Until recently, Wyoming boasted some of the best COVID-19 numbers in the country, seeing relatively low numbers of new infections while having fewer restrictions in place. But things have since …
Until recently, Wyoming boasted some of the best COVID-19 numbers in the country, seeing relatively low numbers of new infections while having fewer restrictions in place. But things have since changed, Gov. Mark Gordon said at a Monday press conference. “We are now surging and that does not bode well for us.”
More people are getting infected and being hospitalized, with some 1,300 active confirmed or probable COVID-19 cases in the state and 35 hospitalizations related to the disease as of Monday, including one patient at Cody Regional Health. Until the recent surge, the previous high mark had been 23 concurrent hospitalizations, recorded back in April.
“We are now starting to see those concerning trends that we were trying to prevent all along,” said State Health Officer Dr. Alexia Harrist. She spoke specifically about the potential of hospitals being overwhelmed if the number of seriously ill patients continues to grow.
“In Montana, hospitals are being challenged,” Harrist said. “The largest hospital in Billings — where many Wyoming residents are frequently treated — has been forced to add beds in another older building and has been transferring some patients back to Wyoming for care.”
Last week, Park County Health Officer Dr. Aaron Billin suggested that local residents consider limiting their trips to Billings; he said Yellowstone County, Montana, has had five times the number of active cases and deaths per 1,000 people as Park County.
“... we must consider Billings as a contributor to our cases,” Billin said. “Although Montana has a mask mandate, we may be better off wearing masks and limiting our trips to Billings.”
Much like the rest of the state, Park County has seen a notable uptick in cases. As of early Sunday morning, Billin said there were 38 active cases in Park County — with 31 of those cases arising in the previous five days. That’s up from a low of just eight cases that Billin reported on Sept. 8. Meanwhile, the Wyoming Department of Health, which tracks cases slightly different, says that the number of active cases in Park County has risen from 17 confirmed or probable cases on Sept. 14 up to 58 as of Monday.
Recent testing of Cody’s raw sewage indicates that around 2.1% of those using the system were shedding the virus, Billin said last week, suggesting roughly 525 recent infections.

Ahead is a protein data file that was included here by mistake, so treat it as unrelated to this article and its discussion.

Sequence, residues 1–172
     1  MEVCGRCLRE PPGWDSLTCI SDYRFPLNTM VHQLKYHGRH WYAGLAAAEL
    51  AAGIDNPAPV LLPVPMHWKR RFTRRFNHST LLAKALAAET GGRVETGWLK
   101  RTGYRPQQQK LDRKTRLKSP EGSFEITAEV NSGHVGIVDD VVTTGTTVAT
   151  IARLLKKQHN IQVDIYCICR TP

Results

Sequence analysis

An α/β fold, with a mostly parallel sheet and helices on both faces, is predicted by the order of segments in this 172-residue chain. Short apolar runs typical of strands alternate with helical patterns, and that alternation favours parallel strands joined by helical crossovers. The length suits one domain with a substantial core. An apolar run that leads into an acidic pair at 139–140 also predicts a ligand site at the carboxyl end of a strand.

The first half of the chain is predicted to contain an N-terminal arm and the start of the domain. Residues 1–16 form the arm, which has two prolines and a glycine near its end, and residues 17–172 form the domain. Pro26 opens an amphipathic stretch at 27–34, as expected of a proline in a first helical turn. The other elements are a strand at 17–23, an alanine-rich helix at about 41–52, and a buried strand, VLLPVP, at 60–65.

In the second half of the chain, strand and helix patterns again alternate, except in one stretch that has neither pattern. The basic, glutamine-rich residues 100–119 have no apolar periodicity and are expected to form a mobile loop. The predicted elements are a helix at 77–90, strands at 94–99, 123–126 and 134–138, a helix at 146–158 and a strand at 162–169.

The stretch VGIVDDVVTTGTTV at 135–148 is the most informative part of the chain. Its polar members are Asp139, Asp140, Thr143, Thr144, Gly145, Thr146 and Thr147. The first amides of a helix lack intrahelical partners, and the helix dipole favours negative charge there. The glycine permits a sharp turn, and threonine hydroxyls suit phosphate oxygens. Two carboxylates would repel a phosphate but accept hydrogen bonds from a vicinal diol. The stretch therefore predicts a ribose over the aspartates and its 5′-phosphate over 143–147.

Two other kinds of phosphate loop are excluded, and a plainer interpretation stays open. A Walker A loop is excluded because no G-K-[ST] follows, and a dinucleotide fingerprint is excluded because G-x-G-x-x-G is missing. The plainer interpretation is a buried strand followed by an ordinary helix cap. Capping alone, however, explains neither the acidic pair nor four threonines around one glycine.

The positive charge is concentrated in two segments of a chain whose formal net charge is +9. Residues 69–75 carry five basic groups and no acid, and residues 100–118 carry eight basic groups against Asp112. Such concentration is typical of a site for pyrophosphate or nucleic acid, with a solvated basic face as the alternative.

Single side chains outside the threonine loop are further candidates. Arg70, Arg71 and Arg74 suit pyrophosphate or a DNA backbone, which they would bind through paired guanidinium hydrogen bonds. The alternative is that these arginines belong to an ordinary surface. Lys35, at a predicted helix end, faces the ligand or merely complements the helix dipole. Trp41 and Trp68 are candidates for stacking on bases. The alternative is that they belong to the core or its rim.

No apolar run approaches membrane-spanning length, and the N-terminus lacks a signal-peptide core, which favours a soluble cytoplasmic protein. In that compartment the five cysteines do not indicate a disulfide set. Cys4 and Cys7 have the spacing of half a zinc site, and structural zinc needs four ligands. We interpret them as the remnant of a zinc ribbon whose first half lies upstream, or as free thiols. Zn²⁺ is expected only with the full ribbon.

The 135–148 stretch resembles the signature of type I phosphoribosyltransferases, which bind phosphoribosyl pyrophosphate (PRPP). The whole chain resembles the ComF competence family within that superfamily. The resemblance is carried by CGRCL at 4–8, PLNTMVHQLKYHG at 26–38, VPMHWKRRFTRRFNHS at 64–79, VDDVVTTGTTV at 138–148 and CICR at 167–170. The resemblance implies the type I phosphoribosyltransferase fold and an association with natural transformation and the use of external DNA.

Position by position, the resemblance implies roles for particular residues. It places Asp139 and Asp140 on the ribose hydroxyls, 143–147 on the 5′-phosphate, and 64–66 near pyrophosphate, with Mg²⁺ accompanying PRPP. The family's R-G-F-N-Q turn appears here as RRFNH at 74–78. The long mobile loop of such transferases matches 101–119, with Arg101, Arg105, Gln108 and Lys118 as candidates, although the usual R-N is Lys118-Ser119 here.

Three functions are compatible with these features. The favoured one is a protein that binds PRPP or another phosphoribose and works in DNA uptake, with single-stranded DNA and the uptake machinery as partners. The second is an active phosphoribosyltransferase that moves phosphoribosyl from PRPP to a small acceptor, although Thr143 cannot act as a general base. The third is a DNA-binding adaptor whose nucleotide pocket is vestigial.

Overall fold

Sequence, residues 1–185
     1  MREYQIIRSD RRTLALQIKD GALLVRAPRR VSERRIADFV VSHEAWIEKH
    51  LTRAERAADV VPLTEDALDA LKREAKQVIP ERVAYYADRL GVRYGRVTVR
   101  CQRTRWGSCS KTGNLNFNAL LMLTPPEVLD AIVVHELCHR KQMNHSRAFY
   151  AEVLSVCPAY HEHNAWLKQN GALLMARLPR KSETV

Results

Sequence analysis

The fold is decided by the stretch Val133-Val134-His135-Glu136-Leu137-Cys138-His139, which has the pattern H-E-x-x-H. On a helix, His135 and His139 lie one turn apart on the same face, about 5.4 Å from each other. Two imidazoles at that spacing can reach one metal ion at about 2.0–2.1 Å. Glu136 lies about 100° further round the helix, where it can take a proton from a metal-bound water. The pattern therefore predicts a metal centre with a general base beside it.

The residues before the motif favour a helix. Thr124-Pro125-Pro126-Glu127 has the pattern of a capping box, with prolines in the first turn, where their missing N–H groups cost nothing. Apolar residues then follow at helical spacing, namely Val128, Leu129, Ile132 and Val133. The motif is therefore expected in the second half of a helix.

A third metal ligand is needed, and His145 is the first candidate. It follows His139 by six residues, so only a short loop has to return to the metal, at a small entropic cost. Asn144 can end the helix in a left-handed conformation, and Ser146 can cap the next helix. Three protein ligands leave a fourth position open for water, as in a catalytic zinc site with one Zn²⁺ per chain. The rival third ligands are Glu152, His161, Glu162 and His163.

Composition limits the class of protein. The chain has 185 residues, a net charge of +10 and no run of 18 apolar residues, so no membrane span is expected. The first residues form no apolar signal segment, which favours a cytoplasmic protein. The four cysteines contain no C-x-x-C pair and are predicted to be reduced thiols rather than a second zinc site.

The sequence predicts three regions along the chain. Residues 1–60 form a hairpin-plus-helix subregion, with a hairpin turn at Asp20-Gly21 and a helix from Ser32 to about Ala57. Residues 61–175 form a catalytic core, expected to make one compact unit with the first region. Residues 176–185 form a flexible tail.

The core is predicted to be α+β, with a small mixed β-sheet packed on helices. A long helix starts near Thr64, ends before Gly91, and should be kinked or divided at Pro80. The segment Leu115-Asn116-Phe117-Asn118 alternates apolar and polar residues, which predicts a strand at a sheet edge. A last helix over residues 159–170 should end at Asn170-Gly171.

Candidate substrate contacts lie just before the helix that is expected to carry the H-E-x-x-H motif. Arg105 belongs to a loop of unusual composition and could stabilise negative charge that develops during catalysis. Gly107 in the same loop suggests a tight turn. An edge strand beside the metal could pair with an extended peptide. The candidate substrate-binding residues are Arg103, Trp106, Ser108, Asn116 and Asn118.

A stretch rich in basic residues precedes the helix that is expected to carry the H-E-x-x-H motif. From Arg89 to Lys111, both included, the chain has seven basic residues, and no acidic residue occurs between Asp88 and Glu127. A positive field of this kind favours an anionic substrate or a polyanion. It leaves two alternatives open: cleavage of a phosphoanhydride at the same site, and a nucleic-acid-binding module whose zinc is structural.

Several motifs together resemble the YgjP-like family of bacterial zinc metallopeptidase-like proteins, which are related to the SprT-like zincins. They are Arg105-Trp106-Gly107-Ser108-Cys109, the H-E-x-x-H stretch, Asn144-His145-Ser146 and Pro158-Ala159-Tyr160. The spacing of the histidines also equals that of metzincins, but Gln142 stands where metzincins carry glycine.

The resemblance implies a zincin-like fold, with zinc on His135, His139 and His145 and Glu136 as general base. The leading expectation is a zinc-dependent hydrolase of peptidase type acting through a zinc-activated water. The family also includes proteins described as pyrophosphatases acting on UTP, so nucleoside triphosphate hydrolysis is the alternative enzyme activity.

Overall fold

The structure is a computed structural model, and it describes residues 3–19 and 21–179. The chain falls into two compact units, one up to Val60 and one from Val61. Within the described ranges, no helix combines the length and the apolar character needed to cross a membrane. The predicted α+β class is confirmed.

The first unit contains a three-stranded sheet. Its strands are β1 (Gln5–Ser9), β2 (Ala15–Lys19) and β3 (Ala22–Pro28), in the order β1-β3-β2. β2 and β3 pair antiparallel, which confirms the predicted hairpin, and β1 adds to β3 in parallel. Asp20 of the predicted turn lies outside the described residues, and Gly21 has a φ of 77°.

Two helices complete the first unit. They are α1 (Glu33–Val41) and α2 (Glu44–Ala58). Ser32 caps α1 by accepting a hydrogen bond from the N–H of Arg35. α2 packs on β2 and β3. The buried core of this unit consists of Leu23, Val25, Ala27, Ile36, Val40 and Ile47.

Billin said public health officials believe most of the recent infections have come from gatherings where people didn’t wear masks or practice social distancing.
“We remind all of the continued importance of staying home when you are sick, cleaning your hands frequently, social distancing, wearing masks when appropriate, and cooperating with contact tracing,” Billin said.
Harrist and Gordon drove home the same message at Monday’s press conference.
Gordon said it appeared Wyomingites’ vigilance “slipped a little bit,” perhaps buoyed by “the amazing amounts of bogus information out there.”
“I do know that all of this is very fatiguing, but I have to say our current scenario is extremely concerning,” he said. “Folks, this is a serious call to action.”
Wyoming has had public health orders in place since March that restrict certain aspects of daily life, including new rules for restaurants and bars and limits on large gatherings.
Harrist and Gordon relaxed those regulations over the summer and eased them some more last week. Instead of being limited to six people per table, restaurants could put eight people at tables starting on Thursday — and instead of having capacity limited, can seat patrons in all available booths, Billin said in a summary. He noted that the restrictions were being eased amid “a significant increase in cases of COVID-19 in Park County.”
Gordon called on Wyomingites to follow public health guidelines and recommendations.
As cases rise, “fewer people are going to feel safe going out for supper and going to the store,” he said. “That will slow our economic recovery and mean more people will stay isolated longer when we need exactly the opposite to happen.”
The governor opened his press conference by saying that he and First Lady Jennie Gordon are “praying daily” for a “speedy and successful and complete recovery,” for President Donald Trump, who was hospitalized after falling ill with COVID-19 late last week.
“I am encouraged by the upbeat assessments of our president’s condition,” Gordon said, “but it is still sobering to see just how contagious and debilitating this disease can be.”
Harrist said the state is getting materials for more widespread testing — including free at-home saliva kits for the general public and 170,000 rapid tests from the federal government, due by the end of the year.